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 ENSURING THE INTEGRITY, ACCESSIBILITY, AND STEWARDSHIP OF DATA The twin ideals of trust and transparency lead to our first recommendation: Recommendation : Researchers should design and manage their projects so as to ensure the integrity of research data, adhering to the professional standards that distinguish scientific, engineering, and medical research both as a whole and as their particular fields of specialization. Some professional standards apply throughout research, such as the injunc - tion never to falsify or fabricate data or plagiarize research results. These are fundamental to research, and have been confirmed by leading organizations and codified in regulations.23 Others are relevant only within specific fields, such as requirements to conduct double-blind clinical trials. Researchers must adhere to both sets of standards if they are to maintain the integrity of research data. THE IMPORTANCE OF TRAINING The integrity of research data can suffer if researchers inadvertently or will- fully ignore the professional standards of their field. Data integrity also can be negatively affected if researchers are unaware of these standards or are unaware of their importance. Recommendation 2: Research institutions should ensure that eery researcher receies appropriate training in the responsible conduct of research, including the proper management of research data in general and within the researcher’s field of specialization. Some research sponsors proide support for this training and for the deelopment of training programs. The training that is appropriate for researchers varies by field. While every researcher should be familiar with the standards common to all research, other standards may be unique to a particular field. Much of this knowledge is handed down from senior researchers to junior researchers during the course of a person’s education and research apprenticeship. In at least some fields, a more formal statement of accepted practices, combined with more explicit instruc - tion in those practices, could enhance the quality and utility of the data pro - duced by those fields. Given the rapid pace of change in many research fields, research focused specifically on methods to ensure the integrity of research data may be necessary. Today, the actual implementation of training varies greatly from field to field and institution to institution. The National Institutes of Health (NIH) 23 NationalAcademy of Sciences, National Academy of Engineering, and Institute of Medicine. 1992. Responsible Science: Ensuring the Integrity of the Research Process. Washington, DC: National Academy Press.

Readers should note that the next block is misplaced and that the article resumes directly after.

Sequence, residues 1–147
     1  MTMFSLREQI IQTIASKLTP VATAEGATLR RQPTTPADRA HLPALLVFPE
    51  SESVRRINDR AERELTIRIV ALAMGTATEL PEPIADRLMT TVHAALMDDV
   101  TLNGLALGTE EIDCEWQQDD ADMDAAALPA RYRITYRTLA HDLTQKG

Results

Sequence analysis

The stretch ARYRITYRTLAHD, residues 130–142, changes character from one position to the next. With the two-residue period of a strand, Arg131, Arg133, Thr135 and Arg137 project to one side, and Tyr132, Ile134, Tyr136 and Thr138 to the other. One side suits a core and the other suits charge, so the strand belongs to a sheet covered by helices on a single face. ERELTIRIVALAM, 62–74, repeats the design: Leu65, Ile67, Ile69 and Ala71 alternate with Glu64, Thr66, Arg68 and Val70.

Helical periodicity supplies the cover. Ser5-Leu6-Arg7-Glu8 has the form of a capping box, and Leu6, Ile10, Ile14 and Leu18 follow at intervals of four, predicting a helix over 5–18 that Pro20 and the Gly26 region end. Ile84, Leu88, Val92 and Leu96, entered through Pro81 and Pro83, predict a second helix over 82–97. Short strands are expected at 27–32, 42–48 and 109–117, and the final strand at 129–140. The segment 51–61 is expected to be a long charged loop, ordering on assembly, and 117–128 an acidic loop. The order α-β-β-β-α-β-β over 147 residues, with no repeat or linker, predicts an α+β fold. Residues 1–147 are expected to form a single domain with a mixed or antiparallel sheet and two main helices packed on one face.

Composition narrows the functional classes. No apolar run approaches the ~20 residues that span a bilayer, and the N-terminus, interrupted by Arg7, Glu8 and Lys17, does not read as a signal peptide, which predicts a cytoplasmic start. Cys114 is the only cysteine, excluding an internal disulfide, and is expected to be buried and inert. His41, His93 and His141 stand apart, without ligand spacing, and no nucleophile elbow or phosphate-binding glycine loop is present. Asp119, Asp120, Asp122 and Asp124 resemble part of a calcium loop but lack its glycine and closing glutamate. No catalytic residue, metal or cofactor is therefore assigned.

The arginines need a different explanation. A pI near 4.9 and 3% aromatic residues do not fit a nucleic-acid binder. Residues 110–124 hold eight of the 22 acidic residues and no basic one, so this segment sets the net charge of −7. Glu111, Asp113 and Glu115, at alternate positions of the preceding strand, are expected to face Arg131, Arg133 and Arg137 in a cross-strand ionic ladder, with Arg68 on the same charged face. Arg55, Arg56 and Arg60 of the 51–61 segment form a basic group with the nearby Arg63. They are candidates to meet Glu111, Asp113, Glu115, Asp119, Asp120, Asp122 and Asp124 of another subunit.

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 ENSURING THE INTEGRITY OF RESEARCH DATA requires that graduate and postdoctoral students who are supported by NIH training grants receive instruction in the responsible conduct of research. The Office of Research Integrity at the Department of Health and Human Ser- vices supports programs undertaken by the Council of Graduate Schools, the National Postdoctoral Association, and the Laboratory Management Institute at the University of California at Davis to develop education and training pro - grams in the responsible conduct of research.24 Many research institutions also require such training of students or beginning researchers, often in the form of seminars, workshops, or Web-based modules. (Box 2-4 describes one such program.) A 2002 Institute of Medicine report examined how institutions can cre - ate environments that foster research integrity.25 The report points out that although education and training can be helpful, not much is currently known about which approaches are most effective. Institutional self-assessment and external peer review can be valuable tools in developing and improving educa - tion and training. Smaller institutions may need to take advantage of consortia or electronic communications to provide their researchers with adequate educa- tion and training. The leaders of research groups have a particular responsibility to see that professional standards are observed in the conduct of research. They should ensure that the members of their groups have opportunities to learn about the proper management of data. Research leaders also have an obligation to set a standard for responsible behavior and to monitor and guide the actions of the members of their groups. Implementing institutional policies at the group level, holding regular meetings to discuss data issues, and providing careful supervision all help to create a research environment in which the integrity of data is understood, valued, and ensured.26 As described earlier, the need for training in the standards of research has been made more urgent by the advance of the digital age. The application of digital technologies in research has fundamentally altered the daily practices and interpersonal interactions of everyone involved in the research enterprise. Researchers need to become familiar with complex and rapidly changing sys - tems to review, visualize, store, summarize, and search for information. They need to understand the technologies and methods they apply to the collection, analysis, storage, and dissemination of data in sufficient detail to have confi - dence in the integrity of those data. Unless they understand the procedures used to generate, process, represent, and document data, they risk wasting 24 Office of Research Integrity. 2008. Annual Report 2007. Washington, DC: Department of Health and Human Services. 25 Institute of Medicine. 2002. Integrity in Scientific Research: Creating an Enironment That Promotes Responsible Conduct. Washington, DC: The National Academies Press. 26 Chris B. Pascal. 2006. “Managing data for integrity: Policies and procedures for ensuring the accuracy and quality of the data in the laboratory.” Science and Engineering Ethics 2:23–39.